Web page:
The Effect of Significant Other Involvement in Treatment for Substance Use Disorders: A Meta-Analysis

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Objective: Substantial research has accrued in support of a key role for social processes in substance use disorders (SUD). Researchers have developed a range of interventions that capitalize on these social processes to bolster treatment outcomes by involving significant others (e.g., romantic partners, family, friends) in SUD treatment. Yet dissemination of these treatments to many contexts has been slow, and information on their broad efficacy is lacking. This meta-analysis aims to quantify the effect of significant other involvement in SUD treatments above and beyond individually-based therapies. Method: A total of 4,901 records were screened for randomized controlled trials examining the effect of Significant Other Involved SUD Treatments (SOIT) versus individually-based active comparator treatments. Our search yielded 77 effect sizes based on data from 2,115 individuals enrolled in 16 independent trials. Results: Findings indicated a significant effect of SOIT above and beyond individually-based active comparator treatments for reducing substance use and substance-related problems, d = 0.242, 95% CI [0.148, 0.336], I2 = 10.596, Q(15) = 16.778. This effect was consistent across SOIT treatment types and endured 12-18 months after the end of treatment. Analyses of raw mean differences indicated that this effect translates to a 5.7% reduction in substance use frequency-the equivalent of approximately 3 fewer weeks a year of drinking/drug use. Conclusion: Findings indicate a significant advantage for SOIT in SUD treatment, and hold interesting conceptual implications for theories of SUD maintenance.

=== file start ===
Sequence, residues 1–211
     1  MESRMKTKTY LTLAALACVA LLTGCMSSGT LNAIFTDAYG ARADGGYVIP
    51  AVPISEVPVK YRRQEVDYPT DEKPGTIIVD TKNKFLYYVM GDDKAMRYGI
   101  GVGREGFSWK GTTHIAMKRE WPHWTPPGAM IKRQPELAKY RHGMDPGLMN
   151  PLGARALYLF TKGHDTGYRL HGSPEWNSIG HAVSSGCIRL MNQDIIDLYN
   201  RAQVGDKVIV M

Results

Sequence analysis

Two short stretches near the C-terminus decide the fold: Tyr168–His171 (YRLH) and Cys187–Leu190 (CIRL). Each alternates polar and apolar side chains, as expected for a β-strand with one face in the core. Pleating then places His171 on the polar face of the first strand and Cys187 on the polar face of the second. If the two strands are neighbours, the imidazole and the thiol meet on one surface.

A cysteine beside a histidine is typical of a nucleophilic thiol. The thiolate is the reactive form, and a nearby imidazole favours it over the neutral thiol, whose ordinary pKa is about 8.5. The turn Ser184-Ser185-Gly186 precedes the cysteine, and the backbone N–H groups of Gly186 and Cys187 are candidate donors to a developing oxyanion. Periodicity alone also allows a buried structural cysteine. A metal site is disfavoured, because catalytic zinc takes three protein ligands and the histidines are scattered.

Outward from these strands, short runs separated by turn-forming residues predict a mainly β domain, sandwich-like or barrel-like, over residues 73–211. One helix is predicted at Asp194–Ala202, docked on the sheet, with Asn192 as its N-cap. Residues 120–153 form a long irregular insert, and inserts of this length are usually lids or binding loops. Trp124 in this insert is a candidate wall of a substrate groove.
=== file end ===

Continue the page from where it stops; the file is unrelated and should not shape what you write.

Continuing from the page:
Original languageEnglish (US)
Pages (from-to)526-540
JournalJournal of Consulting and Clinical Psychology
Issue number6
StatePublished - 2020


  • Addiction
  • Couples
  • Family
  • Intervention
  • Substance use disorder

ASJC Scopus subject areas

  • Clinical Psychology
  • Psychiatry and Mental health


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